Mattes, André ORCID: 0000-0002-4821-8012 and Roheger, Mandy ORCID: 0000-0002-6015-3194 (2020). Nothing wrong about change: the adequate choice of the dependent variable and design in prediction of cognitive training success. BMC Medical Research Methodology, 20 (1). LONDON: BMC. ISSN 1471-2288

Mattes, Roheger 2020 - Nothing wrong about change.pdf - Published Version
Bereitstellung unter der CC-Lizenz: Creative Commons Attribution.

Download (3MB) | Preview


Background Even though investigating predictors of intervention success (e.g Cognitive Training, CT) is gaining more and more interest in the light of an individualized medicine, results on specific predictors of intervention success in the overall field are mixed and inconsistent due to different and sometimes inappropriate statistical methods used. Therefore, the present paper gives a guidance on the appropriate use of multiple regression analyses to identify predictors of CT and similar non-pharmacological interventions. Methods We simulated data based on a predefined true model and ran a series of different analyses to evaluate their performance in retrieving the true model coefficients. The true model consisted of a 2 (between: experimental vs. control group) x 2 (within: pre- vs. post-treatment) design with two continuous predictors, one of which predicted the success in the intervention group and the other did not. In analyzing the data, we considered four commonly used dependent variables (post-test score, absolute change score, relative change score, residual score), five regression models, eight sample sizes, and four levels of reliability. Results Our results indicated that a regression model including the investigated predictor, Group (experimental vs. control), pre-test score, and the interaction between the investigated predictor and the Group as predictors, and the absolute change score as the dependent variable seemed most convenient for the given experimental design. Although the pre-test score should be included as a predictor in the regression model for reasons of statistical power, its coefficient should not be interpreted because even if there is no true relationship, a negative and statistically significant regression coefficient commonly emerges. Conclusion Employing simulation methods, theoretical reasoning, and mathematical derivations, we were able to derive recommendations regarding the analysis of data in one of the most prevalent experimental designs in research on CT and external predictors of CT success. These insights can contribute to the application of considered data analyses in future studies and facilitate cumulative knowledge gain.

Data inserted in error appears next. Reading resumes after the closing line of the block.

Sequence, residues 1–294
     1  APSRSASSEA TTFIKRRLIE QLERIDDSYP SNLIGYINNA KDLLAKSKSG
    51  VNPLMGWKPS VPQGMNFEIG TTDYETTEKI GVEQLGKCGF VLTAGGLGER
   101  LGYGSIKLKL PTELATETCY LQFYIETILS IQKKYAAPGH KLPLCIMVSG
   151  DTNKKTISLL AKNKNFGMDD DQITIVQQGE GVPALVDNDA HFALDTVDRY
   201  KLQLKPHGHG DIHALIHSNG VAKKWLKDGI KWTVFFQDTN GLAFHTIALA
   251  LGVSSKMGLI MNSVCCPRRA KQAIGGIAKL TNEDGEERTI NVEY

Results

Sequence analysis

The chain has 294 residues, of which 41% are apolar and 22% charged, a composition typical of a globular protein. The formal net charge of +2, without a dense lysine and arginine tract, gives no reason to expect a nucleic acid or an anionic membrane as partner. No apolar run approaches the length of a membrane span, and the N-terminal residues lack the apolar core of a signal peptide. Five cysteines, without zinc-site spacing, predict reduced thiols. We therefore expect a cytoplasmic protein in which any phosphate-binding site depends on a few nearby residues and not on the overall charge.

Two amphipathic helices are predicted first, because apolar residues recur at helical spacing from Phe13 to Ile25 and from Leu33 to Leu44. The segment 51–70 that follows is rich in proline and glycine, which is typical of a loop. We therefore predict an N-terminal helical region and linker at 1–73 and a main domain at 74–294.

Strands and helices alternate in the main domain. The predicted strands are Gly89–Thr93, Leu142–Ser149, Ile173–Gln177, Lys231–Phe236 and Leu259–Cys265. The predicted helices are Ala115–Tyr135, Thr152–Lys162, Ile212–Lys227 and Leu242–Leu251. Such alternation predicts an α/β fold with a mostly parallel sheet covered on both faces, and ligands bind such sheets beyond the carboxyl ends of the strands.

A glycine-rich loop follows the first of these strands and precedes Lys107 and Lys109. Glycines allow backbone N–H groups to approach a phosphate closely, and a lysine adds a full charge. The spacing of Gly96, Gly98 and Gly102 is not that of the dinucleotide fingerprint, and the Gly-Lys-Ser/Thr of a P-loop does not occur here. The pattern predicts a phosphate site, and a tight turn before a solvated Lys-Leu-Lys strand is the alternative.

Item Type: Journal Article
CreatorsEmailORCIDORCID Put Code
Mattes, André
URN: urn:nbn:de:hbz:38-308592
DOI: 10.1186/s12874-020-01176-8
Journal or Publication Title: BMC Medical Research Methodology
Volume: 20
Number: 1
Date: 2020
Publisher: BMC
Place of Publication: LONDON
ISSN: 1471-2288
Language: English
Faculty: Faculty of Human Sciences
Divisions: Faculty of Human Sciences > Department Psychologie
Subjects: Psychology
Medical sciences Medicine
Uncontrolled Keywords:
Prognostic researchEnglish
Simulation studyEnglish
Regression analysisEnglish
Cognitive declineEnglish
Cognitive trainingEnglish
Refereed: Yes


Downloads per month over past year



Actions (login required)

View Item View Item